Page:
Biographies of the Early Aldermen
William Hobbs MD
Alderman in 1869-72
William Hobbs was a Surgeon and Baptist minister who arrived in Sydney on 3 April 1860. He was travelling from Nova Scotia to New Zealand but news of the Maori War decided him to disembark here.
The Colonial Missionary Society learned of his arrival on the following evening and offered him a position for a new parish in Newtown. An informal congregation of 25 adults with forty/fifty children there had met for six years without a minister in a temporary chapel in Campbell Street. The chapel is (or at least was, according to a 1966 church history) housed in the third building up from the north west corner of the Campbell Street/Missenden Road intersection.
Hobbs’ took up his appointment on 3 June 1860 and lived in Wellington Street near Bishopgate. It prompted the new parish to gain its independence from the mother church in Bathurst Street.
The congegation was progressive and increasing and could no longer fit in the chapel so they hired the School of Arts hall for Sunday services and the baptism ceremonies of immersion were held in a pond down in the low lands of Erskineville.
He retired as Newtown’s pastor on the appointment of Reverend James Voller on 30 May 1862 but he did preach out on the goldfields. He pleaded to the Baptist hierarchy that ‘the vast and unceasing spiritual necessities of our colonies demand an increase of ministers. Our railroads are opening up the country and new towns are arising in the interior’. He made a number of week long visits to the Araluen goldfields, opening the chapel, giving communion, baptising in the river and preaching to congregations on the river banks.
He is not known to have campaigned for election in Newtown’s Kingston ward but his congregation’s accomodation needs probably persuaded him to cover for Martin Gibben’s hasty departure in March 1869.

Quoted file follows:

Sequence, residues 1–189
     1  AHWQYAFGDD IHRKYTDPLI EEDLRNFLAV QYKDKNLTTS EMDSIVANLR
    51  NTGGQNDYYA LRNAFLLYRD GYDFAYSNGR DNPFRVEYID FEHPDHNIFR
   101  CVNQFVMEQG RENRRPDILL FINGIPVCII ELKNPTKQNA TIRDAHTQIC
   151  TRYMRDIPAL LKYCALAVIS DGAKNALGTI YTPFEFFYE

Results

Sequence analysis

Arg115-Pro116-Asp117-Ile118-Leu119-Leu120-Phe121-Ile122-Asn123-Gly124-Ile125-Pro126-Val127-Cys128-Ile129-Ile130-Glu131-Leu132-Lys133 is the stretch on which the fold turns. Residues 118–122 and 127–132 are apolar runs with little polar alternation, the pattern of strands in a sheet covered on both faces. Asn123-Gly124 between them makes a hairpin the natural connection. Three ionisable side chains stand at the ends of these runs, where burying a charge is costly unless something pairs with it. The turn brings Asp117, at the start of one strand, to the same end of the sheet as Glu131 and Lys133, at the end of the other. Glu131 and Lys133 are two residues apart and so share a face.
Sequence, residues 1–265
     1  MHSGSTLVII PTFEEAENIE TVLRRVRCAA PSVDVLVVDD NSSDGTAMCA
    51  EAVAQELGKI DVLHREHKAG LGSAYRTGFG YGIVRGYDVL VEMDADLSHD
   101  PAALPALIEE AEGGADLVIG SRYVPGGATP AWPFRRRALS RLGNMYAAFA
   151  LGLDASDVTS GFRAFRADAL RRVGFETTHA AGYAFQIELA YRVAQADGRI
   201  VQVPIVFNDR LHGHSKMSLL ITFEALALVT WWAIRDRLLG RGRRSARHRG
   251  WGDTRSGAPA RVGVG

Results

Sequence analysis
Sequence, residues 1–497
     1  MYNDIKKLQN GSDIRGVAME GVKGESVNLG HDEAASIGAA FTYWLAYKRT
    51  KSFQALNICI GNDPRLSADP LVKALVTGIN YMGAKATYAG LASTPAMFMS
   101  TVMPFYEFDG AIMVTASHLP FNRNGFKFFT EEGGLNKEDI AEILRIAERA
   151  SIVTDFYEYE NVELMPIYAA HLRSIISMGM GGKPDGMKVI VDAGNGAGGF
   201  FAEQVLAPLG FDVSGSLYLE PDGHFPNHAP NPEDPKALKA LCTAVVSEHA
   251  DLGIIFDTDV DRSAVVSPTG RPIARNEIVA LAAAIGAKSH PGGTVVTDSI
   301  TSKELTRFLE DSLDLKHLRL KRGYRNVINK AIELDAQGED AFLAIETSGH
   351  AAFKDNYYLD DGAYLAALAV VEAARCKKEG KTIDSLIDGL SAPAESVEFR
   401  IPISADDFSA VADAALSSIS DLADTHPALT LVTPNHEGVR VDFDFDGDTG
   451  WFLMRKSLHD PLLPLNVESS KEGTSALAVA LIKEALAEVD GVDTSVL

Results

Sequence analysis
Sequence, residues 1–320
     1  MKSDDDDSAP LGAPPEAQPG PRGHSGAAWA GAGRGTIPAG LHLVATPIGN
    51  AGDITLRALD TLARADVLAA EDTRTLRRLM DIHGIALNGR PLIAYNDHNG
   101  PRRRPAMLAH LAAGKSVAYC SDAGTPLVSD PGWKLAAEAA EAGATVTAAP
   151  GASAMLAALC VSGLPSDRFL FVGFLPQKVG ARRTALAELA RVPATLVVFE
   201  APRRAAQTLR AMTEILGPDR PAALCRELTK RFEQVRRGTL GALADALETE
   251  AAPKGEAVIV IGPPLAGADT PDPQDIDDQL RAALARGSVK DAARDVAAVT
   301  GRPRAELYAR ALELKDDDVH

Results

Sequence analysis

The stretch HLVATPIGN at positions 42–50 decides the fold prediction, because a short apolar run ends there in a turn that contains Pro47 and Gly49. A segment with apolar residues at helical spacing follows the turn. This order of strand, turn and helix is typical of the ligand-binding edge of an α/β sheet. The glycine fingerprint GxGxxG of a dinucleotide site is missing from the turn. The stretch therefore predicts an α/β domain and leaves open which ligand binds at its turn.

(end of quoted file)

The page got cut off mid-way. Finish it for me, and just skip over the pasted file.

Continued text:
He was asked to chair Council’s committee supervising the new Free Library. It received a number of donations in its first year, including books from Reverend J Voller. The Library Committee recommended that a code of By-laws be made to regulate readers in the reading room, that clerk Robert Noake Banks be appointed Librarian, that books be repaired and additional shelves be affixed to the walls. Their most crucial issue was the weak ceiling; the hall upstairs was in use over many years for dancing, so a hardwood girder was installed in 1869.
In December 1869 Council granted the use of the Hall upstairs free of charge to Reverend G. Sheppard on behalf of several local ministers for a series of united prayer meetings for the first week of the New Year. Yet in the following September Alderman Hobbs was told that a charge of eleven shillings would be required if the Baptist denomination wanted the Hall for regular Sunday services.
The Baptists were able to commence building their own stone church in June 1872 adjoining St Stephen’s Church of England on the corner of Lennox and Church Streets. Council helped by doing the kerbing and guttering at its entrance.
William Hobbs rarely made proposals in the Council chamber but frequently seconded others’. He was absent for his last two months in office in 1872. The Sands Directory claims he was an Alderman in the following year but his name does not appear in the minutes after January 1873.
Nothing is known of Hobbs’ later life. By the end of the century the Baptist faith was the sixth most popular in Australia.